It's actually in more urban environments that fox sightings are becoming more common, as man encroaches more and more on nature.
A Fox Hunts for Rodents
How Foxes Behave
Foxes are small to medium sized canids, smaller than a wolf, and often no larger than a domesticated cat. Their bushy tail and delicate nose are two of their most distinctive features.
Foxes are omnivores, but they prefer meat, and they love to hunt. Much of their diet includes invertebrates, but small rodents and voles are their favorite prey. They usually steer clear of humans, and attacks on human children are quite unlikely. Even in an encounter with a domesticated cat or dog, the fox will usually find that avoidance is preferable to confrontation.
Fox hunting rabbit
Foxes are Smart
Many make much of the fact that a fox is a wild animal, and that the wild lifestyle is the one that is most suited for a fox. While it is true that being penned in or bound or deprived of freedom would not be good for a fox -- and really who of us would want such a thing to happen to us? -- it is not true that foxes are inflexible or incapable of appreciating the finer points of civilization and technology.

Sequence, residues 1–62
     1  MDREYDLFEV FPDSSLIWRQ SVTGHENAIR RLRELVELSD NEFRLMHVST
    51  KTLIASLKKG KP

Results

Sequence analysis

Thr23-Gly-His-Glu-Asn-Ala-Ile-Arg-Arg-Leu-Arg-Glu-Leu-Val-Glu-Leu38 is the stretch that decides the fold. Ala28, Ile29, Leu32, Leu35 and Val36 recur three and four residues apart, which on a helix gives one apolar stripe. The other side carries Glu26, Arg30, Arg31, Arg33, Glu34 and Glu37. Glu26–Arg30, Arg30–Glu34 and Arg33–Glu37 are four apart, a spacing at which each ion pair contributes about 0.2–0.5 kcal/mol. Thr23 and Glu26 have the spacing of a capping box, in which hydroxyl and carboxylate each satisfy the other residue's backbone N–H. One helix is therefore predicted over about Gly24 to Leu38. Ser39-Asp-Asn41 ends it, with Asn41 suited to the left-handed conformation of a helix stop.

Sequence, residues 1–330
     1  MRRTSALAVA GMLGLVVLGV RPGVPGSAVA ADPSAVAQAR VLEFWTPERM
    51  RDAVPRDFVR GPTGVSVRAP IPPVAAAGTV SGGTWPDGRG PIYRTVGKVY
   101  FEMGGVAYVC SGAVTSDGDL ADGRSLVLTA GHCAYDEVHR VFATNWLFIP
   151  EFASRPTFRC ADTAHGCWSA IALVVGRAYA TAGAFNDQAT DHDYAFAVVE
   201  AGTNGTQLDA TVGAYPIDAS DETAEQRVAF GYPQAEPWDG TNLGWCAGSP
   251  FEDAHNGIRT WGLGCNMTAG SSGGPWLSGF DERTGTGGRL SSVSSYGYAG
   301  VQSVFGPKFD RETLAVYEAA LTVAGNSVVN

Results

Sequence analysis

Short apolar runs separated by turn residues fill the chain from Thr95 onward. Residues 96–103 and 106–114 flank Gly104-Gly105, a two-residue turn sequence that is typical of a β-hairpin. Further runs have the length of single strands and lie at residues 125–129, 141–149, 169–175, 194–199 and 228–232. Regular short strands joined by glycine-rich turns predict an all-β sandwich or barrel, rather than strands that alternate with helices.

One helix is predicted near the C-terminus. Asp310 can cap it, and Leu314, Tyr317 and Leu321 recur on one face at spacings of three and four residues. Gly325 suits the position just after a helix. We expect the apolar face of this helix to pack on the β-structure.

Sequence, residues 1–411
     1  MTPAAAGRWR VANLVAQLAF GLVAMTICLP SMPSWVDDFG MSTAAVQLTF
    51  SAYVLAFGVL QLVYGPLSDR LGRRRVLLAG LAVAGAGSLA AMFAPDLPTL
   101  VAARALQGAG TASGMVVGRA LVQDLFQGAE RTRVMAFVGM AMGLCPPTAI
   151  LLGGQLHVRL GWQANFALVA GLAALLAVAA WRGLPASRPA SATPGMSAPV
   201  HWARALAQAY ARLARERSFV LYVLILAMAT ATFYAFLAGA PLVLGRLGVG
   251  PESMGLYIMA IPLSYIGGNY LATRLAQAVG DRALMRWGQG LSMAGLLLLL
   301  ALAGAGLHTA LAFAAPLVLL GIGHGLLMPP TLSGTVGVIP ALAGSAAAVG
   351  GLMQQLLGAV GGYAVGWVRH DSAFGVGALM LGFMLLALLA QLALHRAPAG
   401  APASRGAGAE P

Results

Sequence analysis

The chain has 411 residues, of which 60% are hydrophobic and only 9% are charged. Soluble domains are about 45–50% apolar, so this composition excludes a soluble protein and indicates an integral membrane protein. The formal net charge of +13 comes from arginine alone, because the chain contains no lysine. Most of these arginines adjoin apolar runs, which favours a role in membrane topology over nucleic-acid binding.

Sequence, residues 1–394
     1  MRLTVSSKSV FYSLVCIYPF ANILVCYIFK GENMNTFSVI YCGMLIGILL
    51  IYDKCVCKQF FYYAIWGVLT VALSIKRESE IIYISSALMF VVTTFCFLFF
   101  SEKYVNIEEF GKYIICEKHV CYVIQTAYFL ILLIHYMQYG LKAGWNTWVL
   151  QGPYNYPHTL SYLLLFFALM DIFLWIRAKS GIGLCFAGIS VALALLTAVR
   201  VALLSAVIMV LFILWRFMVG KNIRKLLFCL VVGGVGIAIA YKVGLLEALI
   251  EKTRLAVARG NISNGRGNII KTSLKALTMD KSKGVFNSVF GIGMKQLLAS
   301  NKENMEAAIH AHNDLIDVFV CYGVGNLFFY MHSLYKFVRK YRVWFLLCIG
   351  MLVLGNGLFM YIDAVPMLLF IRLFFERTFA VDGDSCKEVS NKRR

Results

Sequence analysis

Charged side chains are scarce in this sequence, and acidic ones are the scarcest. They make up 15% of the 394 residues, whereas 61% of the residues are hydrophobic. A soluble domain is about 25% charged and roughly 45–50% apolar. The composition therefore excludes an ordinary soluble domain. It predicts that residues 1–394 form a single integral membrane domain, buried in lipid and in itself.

Foxes are smart! Foxes are not simply given to behaviors that are inbred and hard-wired. They like to play. Their intelligence may have been granted to them so that they may be successful hunters, but once a creature has intelligence, its use is not limited to any particular purpose. While it is unlikely that a fox would build a trampoline on his own, when confronted by an existing trampoline, a fox knows just what to do!
Wild Foxes Know What a Trampoline is For
Red Fox Kits
All Babies are Beautiful
All babies are beautiful, and fox kits are no exception. But the fox continues to captivate us long after it is grown.
Foxes, in one form or another, are present throughout the globe and they have won a place in many cultures and literatures. One of my favorite poems about a fox is Le Corbeau et le Renard by La Fontaine. I first read it when I was ten years old and beginning to study French.
Maitre Corbeau et Maitre Renard
Le Corbeau et Le Renard by Jean de la Fontaine
Maître Corbeau, sur un arbre perché,
Tenait en son bec un fromage.
Maître Renard, par l'odeur alléché,
Lui tint à peu près ce langage :
"Hé ! bonjour, Monsieur du Corbeau.
Que vous êtes joli ! que vous me semblez beau !
Sans mentir, si votre ramage
Se rapporte à votre plumage,
Vous êtes le Phénix des hôtes de ces bois."
A ces mots le Corbeau ne se sent pas de joie ;
Et pour montrer sa belle voix,
Il ouvre un large bec, laisse tomber sa proie.
Le Renard s'en saisit, et dit : "Mon bon Monsieur,
Apprenez que tout flatteur
Vit aux dépens de celui qui l'écoute :
Cette leçon vaut bien un fromage, sans doute. "
Le Corbeau, honteux et confus,